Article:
"Long story short" posts are ones that aren't really suited for the general Q&A site. You probably need to consult your own lawyer to discuss all these details.
Generally your concerns about a refund for goods pr servoces not received, and the site's ability to suspend anyone's account are 2 different things.
The 1st is basic contract law. If you paid for something, you should get a refund, because the party obligated to perform didn't, so they've breached the contract. Note I write...
No. Taxpayers (including the members of the LLC and the LLC itself) pay tax on income, not on investments. In fact, business expenses can be deducted from and can offset earned income, thus reducing the tax liability.
Your LLC is its own legal entity, with its own legal existence, and it needs to file its own tax return. See a CPA for help with the taxes.
As for the LLC operation, make sure your LLC has a written Operating Agreement complying with CA law and spelling out the LLC members'...
No, no one is entitled to any monopolies on words, and understand that trademark rights are acquired by USE ASSOCIATED WITH GOODS OR SERVICES, not by registration, so someone can't just file applications for a bunch of words they hold to exclude others from using. while it's possible to file "intent to use" applications, there needs to be an actual and imminent intent to use the trademarks.
The use and development of "secondary meaning" in consumers' minds so they think of that specific...
I agree with Attorney Medelsohn, the judge will have to consider any evidence proferred in order to determine whether it's admissible or excludable anyway, and the purpose of a motion in limine is to prevent a jury from hearing mention of something because it could prejudice their views and you can't "unring a bell." In contrast, judges are considered capable of controlling their views.
Arguments to exclude evidence in a bench trial are better expressed in an objection document addressed to...
http://www.avvo.com/legal-answers/trademark-571745.html?ref=result_6_title OMAHA NE
http://www.avvo.com/legal-answers/trademark-question-571491.html?ref=result_9_title KANSAS CITY MO
http://www.avvo.com/legal-answers/trademark-attorneys-572049.html?ref=result_5_title MN, MN
http://www.avvo.com/legal-answers/trademarks-571373.html?ref=result_9_title SANTA MONICA, CA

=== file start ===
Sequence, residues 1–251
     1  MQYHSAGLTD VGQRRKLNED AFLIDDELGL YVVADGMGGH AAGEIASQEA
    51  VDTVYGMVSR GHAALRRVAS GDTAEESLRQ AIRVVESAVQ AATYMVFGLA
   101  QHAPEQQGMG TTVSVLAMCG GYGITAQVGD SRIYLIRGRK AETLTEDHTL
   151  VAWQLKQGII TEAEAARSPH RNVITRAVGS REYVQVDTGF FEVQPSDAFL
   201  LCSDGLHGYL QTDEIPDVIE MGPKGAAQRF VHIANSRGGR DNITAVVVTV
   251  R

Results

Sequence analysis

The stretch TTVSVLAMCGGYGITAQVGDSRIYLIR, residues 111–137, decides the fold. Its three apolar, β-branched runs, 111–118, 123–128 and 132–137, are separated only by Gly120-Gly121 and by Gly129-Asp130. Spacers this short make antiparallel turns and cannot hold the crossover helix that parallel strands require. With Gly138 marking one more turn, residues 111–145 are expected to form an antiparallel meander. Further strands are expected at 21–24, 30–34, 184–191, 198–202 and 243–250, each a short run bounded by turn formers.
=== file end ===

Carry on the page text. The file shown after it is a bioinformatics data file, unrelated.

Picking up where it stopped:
http://www.avvo.com/legal-answers/trademark-goodies-568978.html?ref=result_7_title SEATTLE WA
If you're going to have full disclosure, you'd get all your "clients" to admit that there's no such thing as a "psychic," you have no ability to foresee the future, you cannot guarantee any predictions in whole or part, and your services are for entertainment value only.
I realize you may not want to state all this, so you could hire a lawyer to draft a disclaimer that's long and legal enough for none of your customers, who desperately want to believe that there is such a thing as a...
Absolutely not. The International Olympic Committee and other organizations own the very valuable Olympics trademarks, which is why you want to use them, and you're quite likely to be sued for trading on their property.
The athletes own the "publicity rights" to their names, likenesses, etc., and anyone who violates those rights by exploiting the athletes' personas is likely to get sued, too. That includes your own illustrations of these athletes.
As good as your organizations' goals may...
To add to my colleagues' good advice, don't think that trademarks have to be exact to be in conflict. The test is whether or not the 2 names are confusingly similar, because consumers need to know the source of the goods or services they're thinking of buying. Adding an s to a word, especially to a famous name like "droid," won't make it clear to any consumers that the names are from different sources.
In general, the 1st word of a multi-word trademark is more important than the 2nd word,...
This sounds like 2 confusingly similar names and thus trademark infringement, and your registration affords you certain presumptions which will help your trademark litigator address this.
But there is no "coupon industry" category, so I wonder exactly what you registered and where and for what -- do you mean a service mark classified under class 35, advertising? You need to see your own TM litigator ASAP.
Hopefully you protected yourself with a copyright registration and/or a WGA registration for the synopsis, treatment, and anything else that's protectible, and a collaboration agreement with your "friend." If you didn't, you and your "friend" could have a dispute about authorship, which already seems to be happening.
Your friend and the production company will both take advantage of you if you let them, so hire your own lawyer ASAP to represent your interests.